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2 definitions found
 for Conjugate diameters
From The Collaborative International Dictionary of English v.0.48 :

  Conjugate \Con"ju*gate\, a. [L. conjugatus, p. p. or conjugare
     to unite; con- + jugare to join, yoke, marry, jugum yoke;
     akin to jungere to join. See Join.]
     1. United in pairs; yoked together; coupled.
        [1913 Webster]
     2. (Bot.) In single pairs; coupled.
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     3. (Chem.) Containing two or more compounds or radicals
        supposed to act the part of a single one. [R.]
        [1913 Webster]
     4. (Gram.) Agreeing in derivation and radical signification;
        -- said of words.
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     5. (Math.) Presenting themselves simultaneously and having
        reciprocal properties; -- frequently used in pure and
        applied mathematics with reference to two quantities,
        points, lines, axes, curves, etc.
        [1913 Webster]
     Conjugate axis of a hyperbola (Math.), the line through the
        center of the curve, perpendicular to the line through the
        two foci.
     Conjugate diameters (Conic Sections), two diameters of an
        ellipse or hyperbola such that each bisects all chords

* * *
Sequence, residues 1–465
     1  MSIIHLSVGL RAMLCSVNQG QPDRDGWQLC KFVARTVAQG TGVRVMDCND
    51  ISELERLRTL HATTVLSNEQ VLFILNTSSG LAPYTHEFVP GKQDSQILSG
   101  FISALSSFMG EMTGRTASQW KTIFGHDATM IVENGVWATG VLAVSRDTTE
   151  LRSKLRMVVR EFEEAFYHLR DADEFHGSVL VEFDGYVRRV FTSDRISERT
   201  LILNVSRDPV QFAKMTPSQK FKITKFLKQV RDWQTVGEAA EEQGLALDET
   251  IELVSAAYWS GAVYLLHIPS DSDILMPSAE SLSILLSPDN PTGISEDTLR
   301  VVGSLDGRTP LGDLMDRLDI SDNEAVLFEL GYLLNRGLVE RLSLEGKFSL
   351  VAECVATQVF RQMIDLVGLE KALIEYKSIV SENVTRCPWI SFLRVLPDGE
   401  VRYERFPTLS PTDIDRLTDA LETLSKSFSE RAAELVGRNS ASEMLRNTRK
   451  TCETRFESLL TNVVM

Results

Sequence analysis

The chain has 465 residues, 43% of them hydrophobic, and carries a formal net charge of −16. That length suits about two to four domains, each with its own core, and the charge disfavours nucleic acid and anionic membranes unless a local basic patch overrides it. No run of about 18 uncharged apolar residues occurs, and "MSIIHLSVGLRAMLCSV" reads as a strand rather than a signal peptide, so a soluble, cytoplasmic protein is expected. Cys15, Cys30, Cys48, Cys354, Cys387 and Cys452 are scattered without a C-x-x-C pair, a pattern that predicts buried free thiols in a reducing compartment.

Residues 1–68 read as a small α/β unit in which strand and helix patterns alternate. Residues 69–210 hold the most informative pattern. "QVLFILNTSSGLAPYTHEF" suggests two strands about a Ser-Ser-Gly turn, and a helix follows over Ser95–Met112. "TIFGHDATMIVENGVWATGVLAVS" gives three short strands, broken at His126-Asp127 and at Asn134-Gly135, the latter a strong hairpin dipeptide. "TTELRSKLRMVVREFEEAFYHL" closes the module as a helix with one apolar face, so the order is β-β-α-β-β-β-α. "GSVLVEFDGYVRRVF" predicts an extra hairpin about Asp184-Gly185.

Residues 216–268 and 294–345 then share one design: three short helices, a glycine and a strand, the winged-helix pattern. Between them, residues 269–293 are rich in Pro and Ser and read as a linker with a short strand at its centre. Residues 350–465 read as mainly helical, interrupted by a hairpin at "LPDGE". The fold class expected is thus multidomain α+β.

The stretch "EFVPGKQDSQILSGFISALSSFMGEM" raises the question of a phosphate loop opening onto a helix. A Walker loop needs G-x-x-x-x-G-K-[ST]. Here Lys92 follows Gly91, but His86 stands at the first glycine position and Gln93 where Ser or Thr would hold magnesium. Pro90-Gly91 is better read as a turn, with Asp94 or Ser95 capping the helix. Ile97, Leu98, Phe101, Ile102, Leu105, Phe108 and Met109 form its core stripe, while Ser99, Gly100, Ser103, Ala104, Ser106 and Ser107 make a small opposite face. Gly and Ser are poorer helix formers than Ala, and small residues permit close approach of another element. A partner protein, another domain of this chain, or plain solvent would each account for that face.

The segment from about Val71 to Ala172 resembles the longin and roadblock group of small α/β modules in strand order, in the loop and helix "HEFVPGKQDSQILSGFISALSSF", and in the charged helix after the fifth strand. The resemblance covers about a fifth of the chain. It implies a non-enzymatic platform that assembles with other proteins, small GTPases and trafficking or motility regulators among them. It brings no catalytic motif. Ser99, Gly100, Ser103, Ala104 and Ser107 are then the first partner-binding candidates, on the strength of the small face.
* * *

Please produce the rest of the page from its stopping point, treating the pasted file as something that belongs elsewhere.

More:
drawn parallel to the other.
     Conjugate focus (Opt.) See under Focus.
     Conjugate mirrors (Optics), two mirrors so placed that rays
        from the focus of one are received at the focus of the
        other, especially two concave mirrors so placed that rays
        proceeding from the principal focus of one and reflected
        in a parallel beam are received upon the other and brought
        to the principal focus.
     Conjugate point (Geom.), an acnode. See Acnode, and
        Double point.
     Self-conjugate triangle (Conic Sections), a triangle each
        of whose vertices is the pole of the opposite side with
        reference to a conic.
        [1913 Webster]

From The Collaborative International Dictionary of English v.0.48 :

  Diameter \Di*am"e*ter\, n. [F. diam[`e]tre, L. diametros, fr.
     Gr. ?; dia` through + ? measure. See Meter.]
     1. (Geom.)
        (a) Any right line passing through the center of a figure
            or body, as a circle, conic section, sphere, cube,
            etc., and terminated by the opposite boundaries; a
            straight line which bisects a system of parallel
            chords drawn in a curve.
        (b) A diametral plane.
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     2. The length of a straight line through the center of an
        object from side to side; width; thickness; as, the
        diameter of a tree or rock.
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     Note: In an elongated object the diameter is usually taken at
           right angles to the longer axis.
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     3. (Arch.) The distance through the lower part of the shaft
        of a column, used as a standard measure for all parts of
        the order. See Module.
        [1913 Webster]
     Conjugate diameters. See under Conjugate.
        [1913 Webster]

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